Family court can hear your case and decide on the best outcome for the situation. You and the other parent will both state your desires to the court. You’ll both need lawyers to help you argue your case. In the end, the family court will decide the outcome of your custody agreement.
The Different Types of Custody
There are many different types of custody. It’s essential to choose the right kind of custody for your situation. Custody is a giant puzzle, and you need to put the pieces together in a way that rebuilds a healthy structure for your children.
There is legal custody (making decisions for the children) and physical custody (where the children will live), and each of them can be combined with sole custody (where one parent is responsible) or joint custody (where both parents are responsible).
- Sole Custody
- Joint Custody
- Legal Custody
- Physical Custody
Sole vs. Joint Custody
Sole custody is when one parent is ultimately responsible for making all decisions regarding the child. The other parent must be informed of these choices and access the child’s essential records, like school documents and medical records.
Joint custody is when both parents have an equal say in decisions regarding the child. Joint custody is an excellent solution for parents willing to communicate powerfully about their child’s best interests.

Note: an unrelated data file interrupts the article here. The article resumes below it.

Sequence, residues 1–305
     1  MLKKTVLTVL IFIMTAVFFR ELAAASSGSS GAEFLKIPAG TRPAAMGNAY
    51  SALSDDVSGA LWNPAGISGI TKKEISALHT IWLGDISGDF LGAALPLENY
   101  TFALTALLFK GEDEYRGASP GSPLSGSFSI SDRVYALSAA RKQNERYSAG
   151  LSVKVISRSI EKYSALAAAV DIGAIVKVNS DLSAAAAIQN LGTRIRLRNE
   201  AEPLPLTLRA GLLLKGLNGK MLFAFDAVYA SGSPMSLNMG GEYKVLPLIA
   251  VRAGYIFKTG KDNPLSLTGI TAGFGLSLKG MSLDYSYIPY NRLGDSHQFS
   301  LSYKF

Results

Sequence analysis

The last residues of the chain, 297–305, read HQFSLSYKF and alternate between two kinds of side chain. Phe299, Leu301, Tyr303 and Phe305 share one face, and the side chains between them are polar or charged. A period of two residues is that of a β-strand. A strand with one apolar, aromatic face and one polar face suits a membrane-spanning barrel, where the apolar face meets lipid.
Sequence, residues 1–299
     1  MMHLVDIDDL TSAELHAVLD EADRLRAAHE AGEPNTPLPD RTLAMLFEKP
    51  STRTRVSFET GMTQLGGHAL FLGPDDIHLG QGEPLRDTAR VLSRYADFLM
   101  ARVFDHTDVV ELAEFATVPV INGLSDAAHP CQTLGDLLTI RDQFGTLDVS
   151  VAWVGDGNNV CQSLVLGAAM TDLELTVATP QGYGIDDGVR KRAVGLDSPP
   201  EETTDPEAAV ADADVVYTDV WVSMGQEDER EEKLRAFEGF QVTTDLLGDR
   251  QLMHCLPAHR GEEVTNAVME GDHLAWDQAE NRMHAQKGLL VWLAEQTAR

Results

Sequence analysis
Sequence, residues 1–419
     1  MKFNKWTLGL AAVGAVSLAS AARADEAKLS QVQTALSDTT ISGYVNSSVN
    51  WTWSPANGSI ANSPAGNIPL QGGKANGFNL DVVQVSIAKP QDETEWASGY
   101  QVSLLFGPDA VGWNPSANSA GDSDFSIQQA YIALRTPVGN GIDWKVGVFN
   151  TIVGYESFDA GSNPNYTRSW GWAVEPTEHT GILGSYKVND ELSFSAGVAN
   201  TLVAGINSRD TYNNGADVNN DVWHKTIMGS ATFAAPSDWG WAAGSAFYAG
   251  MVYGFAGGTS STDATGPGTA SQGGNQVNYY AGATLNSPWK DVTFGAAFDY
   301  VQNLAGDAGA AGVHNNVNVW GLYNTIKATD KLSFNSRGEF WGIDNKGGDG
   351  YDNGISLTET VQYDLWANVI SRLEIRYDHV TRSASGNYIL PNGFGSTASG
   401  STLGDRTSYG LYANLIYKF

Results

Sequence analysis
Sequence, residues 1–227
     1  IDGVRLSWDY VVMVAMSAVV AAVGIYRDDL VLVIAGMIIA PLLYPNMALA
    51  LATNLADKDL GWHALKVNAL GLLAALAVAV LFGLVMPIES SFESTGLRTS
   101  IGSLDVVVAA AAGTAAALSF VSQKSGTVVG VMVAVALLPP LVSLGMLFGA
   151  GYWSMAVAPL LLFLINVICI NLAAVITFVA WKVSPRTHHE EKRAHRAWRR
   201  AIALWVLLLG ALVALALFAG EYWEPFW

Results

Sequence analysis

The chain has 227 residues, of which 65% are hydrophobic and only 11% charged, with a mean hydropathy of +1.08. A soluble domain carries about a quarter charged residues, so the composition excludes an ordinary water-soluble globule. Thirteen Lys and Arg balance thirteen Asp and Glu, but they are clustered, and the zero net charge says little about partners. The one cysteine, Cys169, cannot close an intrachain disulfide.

In some cases, joint custody can be awarded where one parent has the final say. In cases where parents disagree, one parent can be granted the ability to act as a tiebreaker for the situation, as their vote counts twice as much.
The term “legal custody” refers to the parent’s right to make decisions. Joint legal custody means that both parents can equally decide for a child. Sole legal custody means that only one parent can legally make decisions for their child. Both parents must be equally informed of all decisions, even if they don’t legally have a voice in the decision-making process.
Physical custody refers to where the children will live. Both parents can have joint legal custody, but one parent can have sole physical custody. Will your child live in one home after your divorce, or will they spend time visiting both parents? This is your physical custody arrangement.
Do You Need a Lawyer To File for Custody?
It’s always best to seek the advice of a lawyer when filing for custody, mainly if mediation is not an option. If your custody case will move through the family court, it’s necessary to have a lawyer on your side.
You might be able to iron out most of the details through mediation. Mediation is an excellent choice for divorced couples who can effectively communicate. It might be a good place to repair communication concerning your children. You don’t have to like your former spouse as a friend, but you do need to be able to put your children first.
Filing for custody is a big decision, and you have a lot to think about. Your children's well-being is essential in your life, and you need to make decisions that prioritize their ability to thrive.
Before filing for custody, it helps to have a conversation with their other parent. Mediation is an excellent tool for a neutral discussion ground. Divorce.com offers on-demand mediation services that you can use to discuss the terms of your divorce and the custody of your children.